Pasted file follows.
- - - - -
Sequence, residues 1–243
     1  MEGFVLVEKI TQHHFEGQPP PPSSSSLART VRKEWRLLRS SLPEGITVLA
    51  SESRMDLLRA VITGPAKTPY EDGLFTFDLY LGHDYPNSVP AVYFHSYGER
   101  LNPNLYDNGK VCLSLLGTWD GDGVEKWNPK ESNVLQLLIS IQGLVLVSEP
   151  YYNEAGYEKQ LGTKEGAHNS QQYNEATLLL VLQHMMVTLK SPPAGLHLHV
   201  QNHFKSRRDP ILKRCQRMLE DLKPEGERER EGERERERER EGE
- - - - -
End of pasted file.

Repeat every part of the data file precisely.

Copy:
Sequence, residues 1–243
     1  MEGFVLVEKI TQHHFEGQPP PPSSSSLART VRKEWRLLRS SLPEGITVLA
    51  SESRMDLLRA VITGPAKTPY EDGLFTFDLY LGHDYPNSVP AVYFHSYGER
   101  LNPNLYDNGK VCLSLLGTWD GDGVEKWNPK ESNVLQLLIS IQGLVLVSEP
   151  YYNEAGYEKQ LGTKEGAHNS QQYNEATLLL VLQHMMVTLK SPPAGLHLHV
   201  QNHFKSRRDP ILKRCQRMLE DLKPEGERER EGERERERER EGE